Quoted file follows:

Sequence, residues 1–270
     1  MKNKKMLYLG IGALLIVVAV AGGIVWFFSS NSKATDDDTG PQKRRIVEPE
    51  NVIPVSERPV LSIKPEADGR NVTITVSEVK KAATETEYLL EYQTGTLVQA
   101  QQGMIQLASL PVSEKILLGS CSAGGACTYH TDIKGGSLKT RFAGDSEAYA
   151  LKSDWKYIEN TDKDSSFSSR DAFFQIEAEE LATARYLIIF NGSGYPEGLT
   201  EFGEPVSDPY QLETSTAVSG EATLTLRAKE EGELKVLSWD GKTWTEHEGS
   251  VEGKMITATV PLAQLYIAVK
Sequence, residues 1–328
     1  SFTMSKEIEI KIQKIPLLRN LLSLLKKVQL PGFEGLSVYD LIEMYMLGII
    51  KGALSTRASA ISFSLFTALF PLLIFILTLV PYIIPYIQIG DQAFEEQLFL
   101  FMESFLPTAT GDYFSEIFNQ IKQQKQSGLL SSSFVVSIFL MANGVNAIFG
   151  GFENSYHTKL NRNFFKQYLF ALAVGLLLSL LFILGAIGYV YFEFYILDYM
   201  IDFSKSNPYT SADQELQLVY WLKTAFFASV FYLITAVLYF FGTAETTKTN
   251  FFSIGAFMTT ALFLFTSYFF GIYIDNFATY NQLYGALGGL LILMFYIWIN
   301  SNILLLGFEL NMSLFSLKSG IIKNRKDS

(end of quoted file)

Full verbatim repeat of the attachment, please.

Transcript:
Sequence, residues 1–270
     1  MKNKKMLYLG IGALLIVVAV AGGIVWFFSS NSKATDDDTG PQKRRIVEPE
    51  NVIPVSERPV LSIKPEADGR NVTITVSEVK KAATETEYLL EYQTGTLVQA
   101  QQGMIQLASL PVSEKILLGS CSAGGACTYH TDIKGGSLKT RFAGDSEAYA
   151  LKSDWKYIEN TDKDSSFSSR DAFFQIEAEE LATARYLIIF NGSGYPEGLT
   201  EFGEPVSDPY QLETSTAVSG EATLTLRAKE EGELKVLSWD GKTWTEHEGS
   251  VEGKMITATV PLAQLYIAVK
Sequence, residues 1–328
     1  SFTMSKEIEI KIQKIPLLRN LLSLLKKVQL PGFEGLSVYD LIEMYMLGII
    51  KGALSTRASA ISFSLFTALF PLLIFILTLV PYIIPYIQIG DQAFEEQLFL
   101  FMESFLPTAT GDYFSEIFNQ IKQQKQSGLL SSSFVVSIFL MANGVNAIFG
   151  GFENSYHTKL NRNFFKQYLF ALAVGLLLSL LFILGAIGYV YFEFYILDYM
   201  IDFSKSNPYT SADQELQLVY WLKTAFFASV FYLITAVLYF FGTAETTKTN
   251  FFSIGAFMTT ALFLFTSYFF GIYIDNFATY NQLYGALGGL LILMFYIWIN
   301  SNILLLGFEL NMSLFSLKSG IIKNRKDS